Words: Josh Fundafunda
As you can never have too many bands on your radar, here are a couple of UK based bands worth keeping your eyes and ears on at the moment.
Photo: Popped Music
First up is October Drift, a group bringing a fresh energy to their pop-inspired rock. Their breakout album Forever Whatever released in 2020 made quite the impression. It’s popularity, boosted by relentless touring, earned them spots across high profile festivals line- ups, quickly making a name for the group. It would be foolish to ignore the addictive ‘Losing my Touch”, an instant classic. Opening an album with a bang is a good way to make an impact, and this song alone cemented the group in my mind. Overall, it’s an impressive first release from the group. A little formulaic, but had me excited for their next venture.
Their next and most recent album, I Don’t Belong Anywhere, arrived two years later, and cranks the energy up to 11. Seeming to have grown past the first release, October Drift have upped the intensity for the better, making for a much more engaging listen. The album starts out heavy; tracks like “Waltzer” and “Insects” burst with frustration and anxieties about trying to fight what’s out of your control. Both the vivid lyrics and raw instrumentation are some of their most engaging yet. These feelings of loss and regret weigh heavy throughout the remainder of the album. The group makes it clear just how hard Covid hit them; just as they were hitting their stride, everything threatened to fall apart. With that in mind, it’s clear why this album is packed with energy.
The group balances this raw emotion with solid song composition that glues the project together. Take “Ever After”, a standout song from this album. Starting off with a hypnotic organ, the song slowly builds around the lyrics of a long-lost love grown cold from growing older. When it finally reaches boiling point, it feels like bittersweet closure. The group isn’t afraid to slow things down either. The album’s closing song “Old and Distant Memory” is a song filled with the regret of missed opportunities. It’s a refreshing change of pace on this project, trading the heavy guitar and drums for more melancholy strings and pianos. Intimate vocals from Kiran Roy coax you through the song and the album drifts off like a lullaby. What has stayed consistent through this song and many others on this project is a repeated “cold” feeling building out of those anxieties.
October Drift is at their best when they rely on the strength of their song structure – it’s what makes them such a compelling live performance. They look to keep up the pressure setting themselves up to be a staple of UK live rock music.
Photo: Holly Whitaker
On the other end of the spectrum is SCORS, a four-man team that are about as new onto the scene as you can get. This London based group has been playing together since their high-school days. Now, taking their music to the next level, the band blends indie rock with jazz and lounge music. A classic combo that is as moody as it is heavy with melodies. They have only released a handful of songs across a couple platforms, but they are carving out a comfortable niche for themselves.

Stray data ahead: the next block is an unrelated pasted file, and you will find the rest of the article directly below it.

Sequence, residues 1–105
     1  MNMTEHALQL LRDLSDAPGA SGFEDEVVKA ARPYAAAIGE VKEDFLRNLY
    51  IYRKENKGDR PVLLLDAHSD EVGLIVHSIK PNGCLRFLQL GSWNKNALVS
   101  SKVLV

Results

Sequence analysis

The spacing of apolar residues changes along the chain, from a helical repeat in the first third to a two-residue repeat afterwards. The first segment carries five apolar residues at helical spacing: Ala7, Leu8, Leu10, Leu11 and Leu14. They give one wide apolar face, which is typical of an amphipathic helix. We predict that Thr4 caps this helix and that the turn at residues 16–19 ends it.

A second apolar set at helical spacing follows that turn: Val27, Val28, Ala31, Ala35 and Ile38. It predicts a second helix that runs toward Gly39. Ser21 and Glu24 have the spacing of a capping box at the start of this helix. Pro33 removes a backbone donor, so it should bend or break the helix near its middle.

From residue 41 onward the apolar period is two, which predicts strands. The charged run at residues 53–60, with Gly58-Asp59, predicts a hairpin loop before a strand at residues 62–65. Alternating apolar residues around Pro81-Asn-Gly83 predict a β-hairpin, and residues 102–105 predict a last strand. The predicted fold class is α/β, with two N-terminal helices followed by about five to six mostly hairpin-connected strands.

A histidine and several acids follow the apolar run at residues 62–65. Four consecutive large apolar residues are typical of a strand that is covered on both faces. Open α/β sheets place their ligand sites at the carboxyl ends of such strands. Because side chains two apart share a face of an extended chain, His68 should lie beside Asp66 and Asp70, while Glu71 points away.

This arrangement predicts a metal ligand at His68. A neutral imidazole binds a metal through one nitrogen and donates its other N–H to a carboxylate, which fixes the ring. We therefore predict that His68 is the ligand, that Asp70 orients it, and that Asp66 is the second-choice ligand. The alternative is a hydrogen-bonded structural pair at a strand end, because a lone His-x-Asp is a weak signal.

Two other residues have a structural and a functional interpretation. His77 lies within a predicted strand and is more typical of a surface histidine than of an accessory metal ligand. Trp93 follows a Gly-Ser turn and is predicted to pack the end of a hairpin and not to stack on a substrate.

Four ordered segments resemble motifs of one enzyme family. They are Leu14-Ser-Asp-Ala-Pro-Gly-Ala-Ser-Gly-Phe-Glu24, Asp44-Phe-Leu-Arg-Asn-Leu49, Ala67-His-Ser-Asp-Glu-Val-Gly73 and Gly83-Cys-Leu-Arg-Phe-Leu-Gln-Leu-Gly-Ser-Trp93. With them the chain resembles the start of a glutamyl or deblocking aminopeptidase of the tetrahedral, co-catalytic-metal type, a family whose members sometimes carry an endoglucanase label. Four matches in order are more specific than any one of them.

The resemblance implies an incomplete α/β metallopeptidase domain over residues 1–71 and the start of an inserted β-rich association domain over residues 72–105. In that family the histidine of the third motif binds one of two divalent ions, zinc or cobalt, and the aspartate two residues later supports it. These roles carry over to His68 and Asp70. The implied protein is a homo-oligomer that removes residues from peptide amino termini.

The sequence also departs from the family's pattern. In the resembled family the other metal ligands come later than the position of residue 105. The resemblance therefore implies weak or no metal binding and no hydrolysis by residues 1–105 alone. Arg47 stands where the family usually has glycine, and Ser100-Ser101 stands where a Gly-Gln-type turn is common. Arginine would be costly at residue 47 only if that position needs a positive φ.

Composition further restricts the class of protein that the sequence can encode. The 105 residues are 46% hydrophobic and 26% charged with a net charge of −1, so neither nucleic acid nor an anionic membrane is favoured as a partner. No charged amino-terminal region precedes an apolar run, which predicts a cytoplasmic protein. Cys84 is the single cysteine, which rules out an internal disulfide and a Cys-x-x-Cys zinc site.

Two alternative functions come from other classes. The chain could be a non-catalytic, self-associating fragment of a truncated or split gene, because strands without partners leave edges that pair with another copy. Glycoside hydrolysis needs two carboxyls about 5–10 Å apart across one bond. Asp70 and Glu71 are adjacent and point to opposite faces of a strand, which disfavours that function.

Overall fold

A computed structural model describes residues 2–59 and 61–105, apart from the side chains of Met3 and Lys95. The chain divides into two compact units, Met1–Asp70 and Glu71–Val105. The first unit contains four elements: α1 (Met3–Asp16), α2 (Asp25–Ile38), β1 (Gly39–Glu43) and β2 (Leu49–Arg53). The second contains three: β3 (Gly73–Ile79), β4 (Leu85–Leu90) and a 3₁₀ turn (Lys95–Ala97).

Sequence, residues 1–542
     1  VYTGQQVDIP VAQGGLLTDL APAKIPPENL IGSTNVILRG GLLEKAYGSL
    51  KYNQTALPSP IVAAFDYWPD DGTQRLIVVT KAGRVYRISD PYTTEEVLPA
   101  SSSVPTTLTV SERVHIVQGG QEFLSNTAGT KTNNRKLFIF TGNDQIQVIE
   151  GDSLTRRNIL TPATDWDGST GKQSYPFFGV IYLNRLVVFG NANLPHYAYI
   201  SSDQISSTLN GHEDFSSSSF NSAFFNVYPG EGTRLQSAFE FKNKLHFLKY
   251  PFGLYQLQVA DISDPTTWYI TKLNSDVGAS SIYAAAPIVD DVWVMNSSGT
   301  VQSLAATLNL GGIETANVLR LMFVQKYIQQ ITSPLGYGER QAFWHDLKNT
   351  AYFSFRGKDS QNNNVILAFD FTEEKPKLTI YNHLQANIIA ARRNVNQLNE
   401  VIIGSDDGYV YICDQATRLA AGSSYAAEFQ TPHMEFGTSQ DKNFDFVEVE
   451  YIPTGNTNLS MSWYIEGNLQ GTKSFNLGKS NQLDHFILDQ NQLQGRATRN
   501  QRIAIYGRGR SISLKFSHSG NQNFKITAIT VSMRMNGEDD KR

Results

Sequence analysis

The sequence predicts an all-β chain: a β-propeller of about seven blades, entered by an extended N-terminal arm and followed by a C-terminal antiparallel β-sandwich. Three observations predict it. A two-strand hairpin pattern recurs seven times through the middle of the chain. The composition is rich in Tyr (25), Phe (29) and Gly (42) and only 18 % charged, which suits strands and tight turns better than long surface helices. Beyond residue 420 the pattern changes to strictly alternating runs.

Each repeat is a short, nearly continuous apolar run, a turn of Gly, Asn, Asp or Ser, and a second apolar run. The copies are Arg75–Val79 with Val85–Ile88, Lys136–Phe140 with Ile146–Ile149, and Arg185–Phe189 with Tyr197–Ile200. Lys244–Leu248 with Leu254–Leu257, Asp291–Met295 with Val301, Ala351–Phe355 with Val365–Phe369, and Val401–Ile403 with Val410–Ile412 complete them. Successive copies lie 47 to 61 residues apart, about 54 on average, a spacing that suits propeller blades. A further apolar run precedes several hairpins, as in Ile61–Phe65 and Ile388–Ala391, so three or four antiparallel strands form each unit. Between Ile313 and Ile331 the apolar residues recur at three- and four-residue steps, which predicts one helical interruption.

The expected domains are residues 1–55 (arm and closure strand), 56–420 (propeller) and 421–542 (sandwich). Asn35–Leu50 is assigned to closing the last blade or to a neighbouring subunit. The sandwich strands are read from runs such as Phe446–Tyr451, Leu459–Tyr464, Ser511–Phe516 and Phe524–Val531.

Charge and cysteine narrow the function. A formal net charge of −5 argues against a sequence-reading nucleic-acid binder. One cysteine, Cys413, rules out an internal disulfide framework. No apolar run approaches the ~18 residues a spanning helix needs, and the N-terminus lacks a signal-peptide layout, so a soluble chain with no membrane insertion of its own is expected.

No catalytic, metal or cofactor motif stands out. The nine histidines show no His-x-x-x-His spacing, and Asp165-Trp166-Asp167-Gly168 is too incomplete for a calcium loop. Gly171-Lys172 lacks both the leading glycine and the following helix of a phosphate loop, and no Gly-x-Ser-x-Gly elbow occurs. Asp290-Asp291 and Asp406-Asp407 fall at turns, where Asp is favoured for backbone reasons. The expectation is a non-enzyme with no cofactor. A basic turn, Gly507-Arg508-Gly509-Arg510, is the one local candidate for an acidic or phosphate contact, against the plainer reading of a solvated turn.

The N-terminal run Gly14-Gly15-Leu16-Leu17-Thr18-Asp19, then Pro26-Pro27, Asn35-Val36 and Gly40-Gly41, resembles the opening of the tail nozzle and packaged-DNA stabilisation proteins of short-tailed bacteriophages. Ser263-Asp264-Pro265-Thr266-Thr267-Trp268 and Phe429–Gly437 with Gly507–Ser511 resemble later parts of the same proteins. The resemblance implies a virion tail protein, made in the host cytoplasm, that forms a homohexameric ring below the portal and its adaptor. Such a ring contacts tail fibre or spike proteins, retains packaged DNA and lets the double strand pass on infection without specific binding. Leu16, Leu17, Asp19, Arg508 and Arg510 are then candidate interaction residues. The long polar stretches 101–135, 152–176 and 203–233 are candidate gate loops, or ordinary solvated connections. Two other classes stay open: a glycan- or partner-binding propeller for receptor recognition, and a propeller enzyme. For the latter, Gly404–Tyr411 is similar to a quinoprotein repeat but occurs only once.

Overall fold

Currently, they’ve got one full ep our titled Punting. It contains most of their released songs to date, and is a good window into the sound you can expect from the group. They wear their influences heavy on their sleeves. The baritone vocals of singer Jake Passmore are reminiscent of King Krule and the rest of the band follows suit. Each song comes with an easy-going warmth that is quick to wrap you up.
“Under the Sea” starts off slow, literally sounding as if performed on the ocean’s floor, before being jumpstarted. It’s a straight forward love song and feels as innocent as the lyrics. Through their eyes, love is “salt water serenades” and “drowned spirits” that wash over you. The driving drums and electric guitar build the song to be a great pick-me-up. The following track, “You and I Get Along”, plays with tempo in as well. As the song continues, so does the speed and intensity of the bands playing – almost overwhelming you by the end. What began as a slick lounge song, surges into a cacophony of jazz and rock, really flexing their musical muscles.
Their latest release, a single titled “Karaoke at the Black Sheep Lounge”, is a groovy track that would feel right at home in any dimly lit, smoke filled bar. It’s another step away from their rock-infused ep, and leans more heavily into the smooth lounge genre. Hypnotic baselines from Max Rampton fill out the song and the group really loosens up, swinging in and out of rhythm like any jazz band should. The last minute of the song picks up the pace with rolling drum brakes, a smooth outro for a smooth track. Like October Drift, SCORS is probably best experienced live.
Besides a few radio mixes posted to their SoundCloud, the group has been silent since that last single. Even their back catalogue is sparse – one noteworthy live demo is “How’s Our Favourite Girl”, where Drummer (and surprise harmonicist!) Stix serenades.
Intermittent SoundCloud-posting aside, it’s been almost two years since their last official release. Thankfully, their recent return to live performances might be an indication of their return. Hopefully fans aren’t left waiting too long for these groups to return as their discographies leave you wanting more.